New York: A new planetary system has been discovered with a host star similar to the Earth's Sun but its unusual composition indicates that it has 'eaten' some of its planets.
The study that was published in the journal "Astronomy and Astrophysics" suggest that this new discovery can provide clues to researchers about how planetary systems evolve over time.
"It does not mean that the Sun will 'eat' the Earth any time soon," said Jacob Bean, Assistant Professor University of Chicago.
However, "our discovery provides an indication that violent histories may be common for planetary systems, including our own" Bean said.
In 1995, astronomers discovered the first planet orbiting a star other than the sun.
Two thousand exoplanets were identified since then including some rare planets that orbit a star similar to Earth's Sun.
Researchers at University of Chicago studied star HIP68468, which is 300 light years away, as part of a multi-year project to discover planets that orbit solar twins.
"It is tricky to draw conclusions from a single system to study more stars like this to see whether this is a common outcome of the planet formation process," cautioned Megan Bedell, co-author of the study.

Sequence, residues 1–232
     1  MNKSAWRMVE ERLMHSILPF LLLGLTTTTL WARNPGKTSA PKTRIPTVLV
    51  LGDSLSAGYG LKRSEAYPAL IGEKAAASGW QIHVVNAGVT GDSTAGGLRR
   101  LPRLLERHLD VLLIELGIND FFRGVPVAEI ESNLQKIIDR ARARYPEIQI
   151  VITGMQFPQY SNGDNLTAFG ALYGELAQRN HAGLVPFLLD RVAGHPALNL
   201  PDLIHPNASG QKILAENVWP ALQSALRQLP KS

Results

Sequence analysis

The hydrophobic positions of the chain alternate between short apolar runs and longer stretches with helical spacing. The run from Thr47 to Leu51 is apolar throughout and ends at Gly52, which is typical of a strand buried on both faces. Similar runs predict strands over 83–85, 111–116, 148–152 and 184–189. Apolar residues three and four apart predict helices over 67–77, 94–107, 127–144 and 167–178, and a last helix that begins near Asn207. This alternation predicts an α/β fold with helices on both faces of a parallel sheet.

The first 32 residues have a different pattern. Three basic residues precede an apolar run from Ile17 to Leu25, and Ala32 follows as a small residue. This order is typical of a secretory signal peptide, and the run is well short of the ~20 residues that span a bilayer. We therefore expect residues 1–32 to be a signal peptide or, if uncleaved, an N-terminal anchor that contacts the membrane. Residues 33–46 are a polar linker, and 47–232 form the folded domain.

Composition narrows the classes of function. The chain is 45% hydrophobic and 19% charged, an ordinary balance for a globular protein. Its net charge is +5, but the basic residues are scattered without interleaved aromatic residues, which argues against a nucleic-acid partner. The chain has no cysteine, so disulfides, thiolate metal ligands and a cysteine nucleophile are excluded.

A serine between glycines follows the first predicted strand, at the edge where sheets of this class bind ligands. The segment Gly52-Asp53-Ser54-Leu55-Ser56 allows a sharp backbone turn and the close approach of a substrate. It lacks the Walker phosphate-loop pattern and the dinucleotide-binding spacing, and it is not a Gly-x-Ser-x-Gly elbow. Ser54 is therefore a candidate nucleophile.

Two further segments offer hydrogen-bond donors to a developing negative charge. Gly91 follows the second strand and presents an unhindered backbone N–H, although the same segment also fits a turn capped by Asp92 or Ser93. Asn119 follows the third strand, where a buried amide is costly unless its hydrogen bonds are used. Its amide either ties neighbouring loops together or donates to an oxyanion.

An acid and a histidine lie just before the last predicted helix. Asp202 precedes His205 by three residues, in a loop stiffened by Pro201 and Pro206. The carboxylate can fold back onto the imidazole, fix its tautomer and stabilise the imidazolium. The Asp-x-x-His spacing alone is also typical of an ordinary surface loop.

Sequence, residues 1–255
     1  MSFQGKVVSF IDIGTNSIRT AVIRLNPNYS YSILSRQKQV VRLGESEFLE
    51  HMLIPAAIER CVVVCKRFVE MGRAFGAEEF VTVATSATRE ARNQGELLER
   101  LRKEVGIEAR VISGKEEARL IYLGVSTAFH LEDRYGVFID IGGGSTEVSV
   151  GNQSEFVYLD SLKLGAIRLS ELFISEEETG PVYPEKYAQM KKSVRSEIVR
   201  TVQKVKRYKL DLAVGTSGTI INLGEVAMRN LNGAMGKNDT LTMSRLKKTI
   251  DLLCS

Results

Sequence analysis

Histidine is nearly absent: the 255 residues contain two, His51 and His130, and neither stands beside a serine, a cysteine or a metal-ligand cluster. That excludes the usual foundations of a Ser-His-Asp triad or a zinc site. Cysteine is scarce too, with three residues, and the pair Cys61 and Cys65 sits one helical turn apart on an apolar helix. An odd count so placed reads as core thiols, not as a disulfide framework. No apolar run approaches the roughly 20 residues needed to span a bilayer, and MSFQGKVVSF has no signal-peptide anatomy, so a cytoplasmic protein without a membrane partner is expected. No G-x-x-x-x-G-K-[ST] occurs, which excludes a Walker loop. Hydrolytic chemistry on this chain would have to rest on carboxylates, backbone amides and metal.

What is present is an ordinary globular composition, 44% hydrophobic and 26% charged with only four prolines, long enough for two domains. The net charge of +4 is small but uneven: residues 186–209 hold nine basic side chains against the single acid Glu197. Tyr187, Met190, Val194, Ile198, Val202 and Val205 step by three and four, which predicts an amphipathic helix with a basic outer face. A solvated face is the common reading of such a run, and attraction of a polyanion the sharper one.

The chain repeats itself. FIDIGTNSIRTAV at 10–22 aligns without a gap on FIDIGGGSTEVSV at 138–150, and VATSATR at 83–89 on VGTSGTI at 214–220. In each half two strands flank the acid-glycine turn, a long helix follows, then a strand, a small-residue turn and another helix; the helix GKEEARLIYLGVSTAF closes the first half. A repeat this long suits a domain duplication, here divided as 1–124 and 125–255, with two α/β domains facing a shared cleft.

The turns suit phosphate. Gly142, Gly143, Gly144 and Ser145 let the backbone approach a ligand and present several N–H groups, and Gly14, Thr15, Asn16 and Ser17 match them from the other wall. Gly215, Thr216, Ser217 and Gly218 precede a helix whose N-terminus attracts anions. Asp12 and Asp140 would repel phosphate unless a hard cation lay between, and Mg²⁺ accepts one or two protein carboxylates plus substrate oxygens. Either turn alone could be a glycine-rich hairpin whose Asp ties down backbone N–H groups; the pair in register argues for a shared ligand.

The researchers said that the study of HIP68468 was a post-mortem of this process happening around another star similar to our sun and that the discovery deepened their understanding of the evolution of planetary systems.
"HIP68468's composition points to a history of ingesting planets. It contains four times more lithium than would be expected for a star that is six billion years old, as well as a surplus of refractory elements -- metals resistant to heat that are abundant in rocky planets," the research found.
Scientists used the 3.6-meter telescope at La Silla Observatory in Chile to discover their first exoplanet in 2015.
"The more recent discovery needs to be confirmed, but includes two planet candidates -- a super Neptune and a super Earth. Their orbits are surprisingly close to their host star, with one 50 per cent more massive than Neptune and located at a Venus-like distance from its star.
"The other, the first super Earth around a solar twin, is three times the Earth's mass and so close to its star that its orbit takes just three days," the study noted.
The scientists said that these two planets most likely did not form where they see them today.
"Instead, they probably migrated inward from the outer parts of the planetary system. Other planets could have been ejected from the system -- or ingested by their host star," the researchers added.
Researchers continue to explore more than 60 solar twins, eyeing for more exoplanets.